Aerobic and Anaerobic Capacity of Endurance Athletes

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Coach Barbara writes: When you are new to endurance training your goal is to create an aerobic system capable of functioning for the duration of the race (regardless of pace).

First of all you would need to understand that the body uses two different Energy systems:

  • Aerobic system – with oxygen
  • Anaerobic lactic system – without oxygen

We, Coaches understand the energy system capabilities and limitations to design sequenced training programs. In teaching you to listen to your body during training sessions, adjustments can be made in the sequenced workout with careful understanding of the energy system. Remember that all energy systems turn on at basically the same time; intensive tempo running makes high demands on both the aerobic and anaerobic and, thus, is a sharing system.

When some one asks you, “How much are you training?” they usually want to know how far or how often you train each week. Not very often will you be asked, “How hard are you training?”

Understanding the hardness or intensity of your training is the key to understanding how a progressive, balanced training programme is put together.

Check out the list below and get a better understanding of the systems:

  • Aerobic System (with oxygen): provides energy at a slower rate for long-term exercise (e g Ironman, Marathon etc).
  • it uses oxygen to help provide fuel
  • it enables athletes to recover from tough workouts and helps develop the capacity increase repetitions.
  • does not produce fatigue-producing waste products
  • lower intensity exercises
  • takes longer to overload than the anaerobic systems
  • requires a minimum 20 minutes duration training period
  • workload can be continuous or broken up into interval training
  • Anaerobic Lactic System (without oxygen): generates energy quickly and the by- product of this system is lactic acid (e g sprints, weight training, interval training, training at various speeds)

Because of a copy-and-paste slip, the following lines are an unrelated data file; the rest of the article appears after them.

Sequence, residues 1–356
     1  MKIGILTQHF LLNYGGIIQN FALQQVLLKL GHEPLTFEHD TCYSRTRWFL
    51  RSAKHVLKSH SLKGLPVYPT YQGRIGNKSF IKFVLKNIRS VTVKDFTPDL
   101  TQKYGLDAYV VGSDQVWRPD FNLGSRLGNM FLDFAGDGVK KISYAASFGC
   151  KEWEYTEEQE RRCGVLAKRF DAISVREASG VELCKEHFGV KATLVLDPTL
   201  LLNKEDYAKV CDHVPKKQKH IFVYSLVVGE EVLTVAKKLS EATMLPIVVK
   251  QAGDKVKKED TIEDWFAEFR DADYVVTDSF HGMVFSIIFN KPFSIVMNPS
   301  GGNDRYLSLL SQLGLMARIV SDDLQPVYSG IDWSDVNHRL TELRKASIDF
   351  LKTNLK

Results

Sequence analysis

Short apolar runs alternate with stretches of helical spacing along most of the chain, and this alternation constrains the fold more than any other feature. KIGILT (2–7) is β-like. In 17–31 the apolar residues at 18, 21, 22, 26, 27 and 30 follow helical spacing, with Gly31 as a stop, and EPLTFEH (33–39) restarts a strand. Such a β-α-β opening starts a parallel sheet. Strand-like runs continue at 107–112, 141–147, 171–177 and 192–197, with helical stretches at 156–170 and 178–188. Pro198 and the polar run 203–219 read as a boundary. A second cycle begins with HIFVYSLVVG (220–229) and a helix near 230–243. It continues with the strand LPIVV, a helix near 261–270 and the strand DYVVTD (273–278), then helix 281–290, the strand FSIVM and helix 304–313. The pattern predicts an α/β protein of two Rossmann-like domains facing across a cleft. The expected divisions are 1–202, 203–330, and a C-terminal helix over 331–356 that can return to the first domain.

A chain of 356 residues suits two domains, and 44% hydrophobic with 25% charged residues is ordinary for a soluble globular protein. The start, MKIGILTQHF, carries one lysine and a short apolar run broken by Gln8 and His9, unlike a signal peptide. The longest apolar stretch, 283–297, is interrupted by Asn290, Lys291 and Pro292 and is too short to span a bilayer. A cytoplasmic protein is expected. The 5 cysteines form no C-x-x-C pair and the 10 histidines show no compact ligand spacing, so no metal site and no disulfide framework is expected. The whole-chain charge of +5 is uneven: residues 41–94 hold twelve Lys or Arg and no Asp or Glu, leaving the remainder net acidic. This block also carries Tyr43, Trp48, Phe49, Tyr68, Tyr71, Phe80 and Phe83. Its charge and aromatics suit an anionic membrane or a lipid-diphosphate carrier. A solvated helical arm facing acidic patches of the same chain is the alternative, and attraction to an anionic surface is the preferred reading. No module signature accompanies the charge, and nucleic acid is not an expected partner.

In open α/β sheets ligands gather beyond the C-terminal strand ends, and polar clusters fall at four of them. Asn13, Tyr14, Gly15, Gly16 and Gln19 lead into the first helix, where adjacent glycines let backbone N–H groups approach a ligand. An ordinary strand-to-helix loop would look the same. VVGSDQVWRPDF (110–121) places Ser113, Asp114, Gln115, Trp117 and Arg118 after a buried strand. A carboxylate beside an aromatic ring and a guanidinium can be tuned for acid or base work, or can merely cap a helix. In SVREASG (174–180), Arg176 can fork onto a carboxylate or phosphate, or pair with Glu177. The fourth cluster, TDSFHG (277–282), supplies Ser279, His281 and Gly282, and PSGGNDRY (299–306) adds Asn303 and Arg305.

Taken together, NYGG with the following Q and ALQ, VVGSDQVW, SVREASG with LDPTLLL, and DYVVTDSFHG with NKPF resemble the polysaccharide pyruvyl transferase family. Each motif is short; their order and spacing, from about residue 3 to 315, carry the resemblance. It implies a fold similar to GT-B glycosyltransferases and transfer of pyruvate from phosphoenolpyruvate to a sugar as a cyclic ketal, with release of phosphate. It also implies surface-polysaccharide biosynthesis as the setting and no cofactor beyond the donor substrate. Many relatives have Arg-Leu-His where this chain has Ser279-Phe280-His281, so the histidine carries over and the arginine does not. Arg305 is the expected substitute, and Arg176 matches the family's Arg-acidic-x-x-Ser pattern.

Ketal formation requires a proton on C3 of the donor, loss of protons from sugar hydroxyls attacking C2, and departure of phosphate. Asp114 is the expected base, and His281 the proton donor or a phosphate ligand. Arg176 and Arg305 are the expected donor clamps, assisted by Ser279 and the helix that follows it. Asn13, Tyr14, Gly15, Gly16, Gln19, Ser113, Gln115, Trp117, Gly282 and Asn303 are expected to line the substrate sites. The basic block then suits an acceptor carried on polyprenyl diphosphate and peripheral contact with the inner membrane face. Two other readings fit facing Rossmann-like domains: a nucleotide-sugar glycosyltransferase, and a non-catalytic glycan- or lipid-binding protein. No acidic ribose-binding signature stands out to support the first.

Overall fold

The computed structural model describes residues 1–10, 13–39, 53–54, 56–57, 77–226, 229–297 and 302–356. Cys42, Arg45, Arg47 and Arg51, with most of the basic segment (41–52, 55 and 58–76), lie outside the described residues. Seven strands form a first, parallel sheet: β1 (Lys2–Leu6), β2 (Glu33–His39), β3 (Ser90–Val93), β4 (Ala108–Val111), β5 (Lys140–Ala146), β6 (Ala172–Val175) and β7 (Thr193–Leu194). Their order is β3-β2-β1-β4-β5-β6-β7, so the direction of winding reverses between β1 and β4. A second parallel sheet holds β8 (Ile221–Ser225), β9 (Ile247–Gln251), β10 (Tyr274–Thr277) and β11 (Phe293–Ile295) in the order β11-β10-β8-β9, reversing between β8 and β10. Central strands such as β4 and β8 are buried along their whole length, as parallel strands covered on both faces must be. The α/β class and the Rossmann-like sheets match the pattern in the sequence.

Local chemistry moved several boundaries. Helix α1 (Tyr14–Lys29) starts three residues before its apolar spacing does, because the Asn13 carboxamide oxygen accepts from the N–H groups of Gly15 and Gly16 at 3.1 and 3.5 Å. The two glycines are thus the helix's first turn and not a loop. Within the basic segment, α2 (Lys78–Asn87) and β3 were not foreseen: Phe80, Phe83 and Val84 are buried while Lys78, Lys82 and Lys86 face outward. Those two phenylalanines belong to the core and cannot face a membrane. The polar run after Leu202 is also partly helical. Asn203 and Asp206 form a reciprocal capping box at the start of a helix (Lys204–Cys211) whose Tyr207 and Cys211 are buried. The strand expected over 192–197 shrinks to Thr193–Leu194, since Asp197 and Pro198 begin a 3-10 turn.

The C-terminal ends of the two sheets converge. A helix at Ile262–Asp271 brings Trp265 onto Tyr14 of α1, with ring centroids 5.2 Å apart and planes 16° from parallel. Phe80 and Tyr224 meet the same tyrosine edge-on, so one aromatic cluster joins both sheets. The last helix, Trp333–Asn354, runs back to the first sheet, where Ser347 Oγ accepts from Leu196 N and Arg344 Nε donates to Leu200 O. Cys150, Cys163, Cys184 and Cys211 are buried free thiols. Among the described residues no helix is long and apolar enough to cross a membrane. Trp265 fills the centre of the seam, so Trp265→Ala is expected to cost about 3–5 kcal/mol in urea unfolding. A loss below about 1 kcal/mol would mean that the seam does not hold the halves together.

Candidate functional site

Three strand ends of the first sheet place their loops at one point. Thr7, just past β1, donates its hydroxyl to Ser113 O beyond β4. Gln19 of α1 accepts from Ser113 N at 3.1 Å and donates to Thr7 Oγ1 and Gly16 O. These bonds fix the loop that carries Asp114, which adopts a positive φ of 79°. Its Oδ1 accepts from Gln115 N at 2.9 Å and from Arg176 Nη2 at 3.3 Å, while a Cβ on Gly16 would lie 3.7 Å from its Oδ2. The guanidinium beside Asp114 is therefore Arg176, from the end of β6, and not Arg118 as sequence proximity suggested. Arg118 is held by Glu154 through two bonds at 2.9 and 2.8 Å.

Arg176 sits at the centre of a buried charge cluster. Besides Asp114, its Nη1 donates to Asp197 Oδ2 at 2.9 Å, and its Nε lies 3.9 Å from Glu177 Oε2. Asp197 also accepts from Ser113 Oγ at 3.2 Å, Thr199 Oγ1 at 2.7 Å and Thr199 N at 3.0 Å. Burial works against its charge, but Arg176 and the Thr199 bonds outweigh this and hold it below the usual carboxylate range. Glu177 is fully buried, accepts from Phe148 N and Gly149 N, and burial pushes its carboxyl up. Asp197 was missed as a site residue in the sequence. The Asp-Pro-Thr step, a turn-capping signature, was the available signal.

• less efficient
  • hastening muscle fatigue
  • high intensity level
  • body must burn carbohydrates stored in muscle
  • lactic acid must be removed — can take up to one hour
  • carbohydrates must be replaced for further activity to occur
  • first ten minutes of active recovery produces greatest reduction in lactic acid
  • provide majority of energy requiring high bursts of speed or resistance lasting up to 10 seconds
  • built by alternating periods of work and rest
  • builds on the aerobic base, and challenges the athlete at the upper level of aerobic capacity

With Aerobic training, you become much more efficient at using fat as an energy source for exercise. This allows muscle and liver glycogen to be used at a slower rate. Comparing to Anaerobic training which improves muscle buffering capacity, permitting higher muscle and blood lactate levels. Although sprint-type exercise is anaerobic by nature, part of the energy used during longer sprint bouts comes from oxidation, so muscle aerobic capacity also can be increased with this type of training.

I have mentioned that the energy systems used for certain sports is determined by the intensity (how hard) and duration (how long) of exercise. However, to train at the right intensity, you will need a way to monitor exercise intensity. One of the best ways to monitor is the heart rate monitor. It is possible to take your heart rate manually by placing your fingers (not thumb) on your wrist (palm side) at the base of the thumb. Count the number of pulses for fifteen seconds and then multiply by four.

Your heart rate ranges from rest at the lowest end to the maximum heart rate at the highest end.

  • Resting heart rate – as you get fitter your RHR will get lower because the heart pumps more blood per beat and therefore doesn't have to beat as fast to pump the same amount of blood as it did before.
  • Maximum heart rate – you can measure your MHR accurately by performing a test on an ergometer in a laboratory. The work output is gradually increased until your heart rate stops rising and you can’t keep up with the increased work load. There are also other methods you can use in general training as detailed in several other articles on our website (Read more on finding out your MHR HERE)

Your heart rate monitor is a tool and should not dictate your training! After determining your resting and maximum heart rates you can now establish “training zones”. Each of the training zones uses different energy systems, different fuel supplies and different muscle fiber types.

Depending on the objective of the training session, your coach would prescribe that the main part of the training session be in a certain zone, or that you shift from zone to zone in a set way. If done correctly, this stresses specific features of that system, resulting in improvement and better performance.

By varying the training zones from day to day you challenge the body to improve as well as allowing your body to recover! (Read more on setting training zones HERE).

Brendon Downey of is an Exercise Physiologist, Level 2 triathlon coach, and coach to Sam Warriner, the 2003 ITU Oceania Champion. Coaching and detailed training programs are available at


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